Maternal Breastfeeding Experiences and Neonatal Breastfeeding Behaviors of Children later Diagnosed with Autism

2.50
Hdl Handle:
http://hdl.handle.net/10755/201907
Type:
Presentation
Title:
Maternal Breastfeeding Experiences and Neonatal Breastfeeding Behaviors of Children later Diagnosed with Autism
Abstract:
(41st Biennial Convention) Title: Maternal Breastfeeding Experiences and Neonatal Breastfeeding Behaviors of Children later Diagnosed with Autism Purpose: To describe maternal breastfeeding experiences and neonatal breastfeeding behaviors of children later diagnosed with autism. Theoretical rationale:  Autism is a neurodevelopmental disability which affects social communication (eye contact, verbal and nonverbal communication) and motor movement. Neonates later diagnosed with autism were found in comparison to control neonates, weaned from breastfeeding to bottle feeding at a 3:1 ratio. In addition, other neurodevelopmental disabilities such as Down’s syndrome have demonstrated a slower trajectory of social turn taking and feeding in comparison to controls. Delays in development of early social behaviors in neonates with Down syndrome are likely to affect patterns of interaction with their caregivers. No study has described breastfeeding behaviors of neonates later diagnosed with autism. Identifying altered neonatal breastfeeding behaviors and social turn taking interactions may be an early neurobehavioral screening tool for neonates later diagnosed with autism. Subjects:  A convenience sample of 20 mothers whose children were later diagnosed with autism self-reported their breastfeeding feeding experience and their neonatal breastfeeding behaviors Method: A retrospective descriptive study that utilized a socioenvironmental questionnaire and a semi-structured interview Results: Two altered neonatal behaviors were described. One was a compulsion to suck. Eight mothers described infants as constantly eating after satiation of hunger, “compulsive breast feeder”. Six infants were pacifier or thumb suckers from the neonatal period. Second, eight infants had poor turn taking behaviors as neonates with limited eye contact or socially interacting with their mother while breastfeeding. Conclusion: Surveillance of early breastfeeding behaviors and mother-neonatal social interactions by clinicians may be a screening tool for autism in the future.
Keywords:
Breastfeeding; Autism; Neonate
Repository Posting Date:
11-Jan-2012
Date of Publication:
4-Jan-2012
Sponsors:
Sigma Theta Tau International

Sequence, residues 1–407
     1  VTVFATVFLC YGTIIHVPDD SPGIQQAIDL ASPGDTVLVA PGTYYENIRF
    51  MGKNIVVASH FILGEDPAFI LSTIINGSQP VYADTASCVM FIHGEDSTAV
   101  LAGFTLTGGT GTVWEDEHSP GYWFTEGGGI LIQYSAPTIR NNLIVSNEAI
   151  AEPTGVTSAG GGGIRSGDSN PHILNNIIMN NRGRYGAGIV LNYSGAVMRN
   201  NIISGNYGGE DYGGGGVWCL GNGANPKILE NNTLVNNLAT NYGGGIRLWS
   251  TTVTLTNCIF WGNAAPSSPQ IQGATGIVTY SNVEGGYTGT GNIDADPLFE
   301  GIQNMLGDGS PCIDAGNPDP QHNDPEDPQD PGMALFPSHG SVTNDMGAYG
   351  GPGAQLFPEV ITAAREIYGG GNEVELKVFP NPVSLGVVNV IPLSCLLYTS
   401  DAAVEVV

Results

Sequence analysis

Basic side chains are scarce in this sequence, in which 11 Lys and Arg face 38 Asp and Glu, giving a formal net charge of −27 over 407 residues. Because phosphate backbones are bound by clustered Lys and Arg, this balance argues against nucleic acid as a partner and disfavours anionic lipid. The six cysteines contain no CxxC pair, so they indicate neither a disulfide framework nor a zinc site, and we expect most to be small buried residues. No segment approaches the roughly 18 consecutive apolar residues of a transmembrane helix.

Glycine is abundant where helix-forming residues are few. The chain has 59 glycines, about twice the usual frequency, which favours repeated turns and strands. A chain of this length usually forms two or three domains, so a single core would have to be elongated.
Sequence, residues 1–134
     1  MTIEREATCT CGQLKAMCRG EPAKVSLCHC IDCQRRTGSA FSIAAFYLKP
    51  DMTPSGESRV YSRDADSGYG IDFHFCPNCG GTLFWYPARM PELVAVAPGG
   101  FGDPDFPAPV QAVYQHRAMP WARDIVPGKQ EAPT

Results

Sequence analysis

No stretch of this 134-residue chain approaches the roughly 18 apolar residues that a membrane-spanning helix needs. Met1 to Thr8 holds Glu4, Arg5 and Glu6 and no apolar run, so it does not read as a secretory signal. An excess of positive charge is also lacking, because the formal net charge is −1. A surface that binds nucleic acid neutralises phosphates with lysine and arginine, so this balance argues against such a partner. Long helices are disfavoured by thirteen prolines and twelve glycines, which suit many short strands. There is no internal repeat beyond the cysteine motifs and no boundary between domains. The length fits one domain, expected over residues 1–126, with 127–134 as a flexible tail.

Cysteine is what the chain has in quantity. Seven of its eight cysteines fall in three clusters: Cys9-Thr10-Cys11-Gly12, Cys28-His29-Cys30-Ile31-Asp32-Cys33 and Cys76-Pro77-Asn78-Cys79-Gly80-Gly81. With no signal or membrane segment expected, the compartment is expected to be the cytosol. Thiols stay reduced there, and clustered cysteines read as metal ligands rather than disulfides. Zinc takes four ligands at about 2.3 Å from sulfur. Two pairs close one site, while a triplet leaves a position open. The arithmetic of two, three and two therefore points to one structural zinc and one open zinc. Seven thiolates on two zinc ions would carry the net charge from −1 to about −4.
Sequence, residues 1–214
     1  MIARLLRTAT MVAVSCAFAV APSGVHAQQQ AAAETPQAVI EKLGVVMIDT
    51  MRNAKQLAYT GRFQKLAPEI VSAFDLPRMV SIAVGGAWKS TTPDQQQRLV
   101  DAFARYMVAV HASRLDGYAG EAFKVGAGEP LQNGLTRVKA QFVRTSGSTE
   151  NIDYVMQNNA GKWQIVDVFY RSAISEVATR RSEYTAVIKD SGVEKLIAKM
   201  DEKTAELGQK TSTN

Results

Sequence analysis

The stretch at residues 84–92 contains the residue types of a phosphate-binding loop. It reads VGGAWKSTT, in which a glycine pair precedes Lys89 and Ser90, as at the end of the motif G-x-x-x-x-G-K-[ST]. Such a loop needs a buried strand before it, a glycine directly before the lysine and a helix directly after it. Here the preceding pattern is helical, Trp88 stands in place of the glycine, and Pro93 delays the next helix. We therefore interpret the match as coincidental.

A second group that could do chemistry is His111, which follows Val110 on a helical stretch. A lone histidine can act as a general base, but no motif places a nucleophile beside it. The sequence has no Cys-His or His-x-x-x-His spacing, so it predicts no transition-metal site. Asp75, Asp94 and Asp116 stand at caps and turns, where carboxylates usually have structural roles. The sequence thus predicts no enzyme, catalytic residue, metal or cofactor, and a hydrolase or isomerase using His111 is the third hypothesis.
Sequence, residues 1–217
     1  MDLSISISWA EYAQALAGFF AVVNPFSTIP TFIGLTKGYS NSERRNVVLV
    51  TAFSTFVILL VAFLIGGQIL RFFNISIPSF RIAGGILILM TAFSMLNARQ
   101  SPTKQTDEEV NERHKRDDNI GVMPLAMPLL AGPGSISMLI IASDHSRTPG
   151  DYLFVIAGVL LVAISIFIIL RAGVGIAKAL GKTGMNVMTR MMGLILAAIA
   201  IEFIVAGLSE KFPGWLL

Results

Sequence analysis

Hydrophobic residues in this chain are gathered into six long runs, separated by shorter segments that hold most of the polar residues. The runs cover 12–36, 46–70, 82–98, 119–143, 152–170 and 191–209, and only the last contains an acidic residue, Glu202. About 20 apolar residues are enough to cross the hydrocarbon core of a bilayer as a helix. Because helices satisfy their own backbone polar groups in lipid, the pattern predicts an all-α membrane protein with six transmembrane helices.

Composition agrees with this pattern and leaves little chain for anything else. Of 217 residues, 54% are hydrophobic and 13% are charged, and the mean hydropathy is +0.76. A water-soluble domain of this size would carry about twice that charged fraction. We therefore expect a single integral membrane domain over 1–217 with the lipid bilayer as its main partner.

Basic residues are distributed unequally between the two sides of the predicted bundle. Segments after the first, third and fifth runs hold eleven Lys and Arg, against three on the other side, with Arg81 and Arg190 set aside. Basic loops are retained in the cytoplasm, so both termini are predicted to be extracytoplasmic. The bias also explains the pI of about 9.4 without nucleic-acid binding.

Full metadata record

DC FieldValue Language
dc.typePresentationen_GB
dc.titleMaternal Breastfeeding Experiences and Neonatal Breastfeeding Behaviors of Children later Diagnosed with Autismen_GB
dc.identifier.urihttp://hdl.handle.net/10755/201907-
dc.description.abstract(41st Biennial Convention) Title: Maternal Breastfeeding Experiences and Neonatal Breastfeeding Behaviors of Children later Diagnosed with Autism Purpose: To describe maternal breastfeeding experiences and neonatal breastfeeding behaviors of children later diagnosed with autism. Theoretical rationale:  Autism is a neurodevelopmental disability which affects social communication (eye contact, verbal and nonverbal communication) and motor movement. Neonates later diagnosed with autism were found in comparison to control neonates, weaned from breastfeeding to bottle feeding at a 3:1 ratio. In addition, other neurodevelopmental disabilities such as Down’s syndrome have demonstrated a slower trajectory of social turn taking and feeding in comparison to controls. Delays in development of early social behaviors in neonates with Down syndrome are likely to affect patterns of interaction with their caregivers. No study has described breastfeeding behaviors of neonates later diagnosed with autism. Identifying altered neonatal breastfeeding behaviors and social turn taking interactions may be an early neurobehavioral screening tool for neonates later diagnosed with autism. Subjects:  A convenience sample of 20 mothers whose children were later diagnosed with autism self-reported their breastfeeding feeding experience and their neonatal breastfeeding behaviors Method: A retrospective descriptive study that utilized a socioenvironmental questionnaire and a semi-structured interview Results: Two altered neonatal behaviors were described. One was a compulsion to suck. Eight mothers described infants as constantly eating after satiation of hunger, “compulsive breast feeder”. Six infants were pacifier or thumb suckers from the neonatal period. Second, eight infants had poor turn taking behaviors as neonates with limited eye contact or socially interacting with their mother while breastfeeding. Conclusion: Surveillance of early breastfeeding behaviors and mother-neonatal social interactions by clinicians may be a screening tool for autism in the future.en_GB
dc.subjectBreastfeedingen_GB
dc.subjectAutismen_GB
dc.subjectNeonateen_GB
dc.date.available2012-01-11T10:59:24Z-
dc.date.issued2012-01-04en_GB
dc.date.accessioned2012-01-11T10:59:24Z-
dc.description.sponsorshipSigma Theta Tau Internationalen_GB
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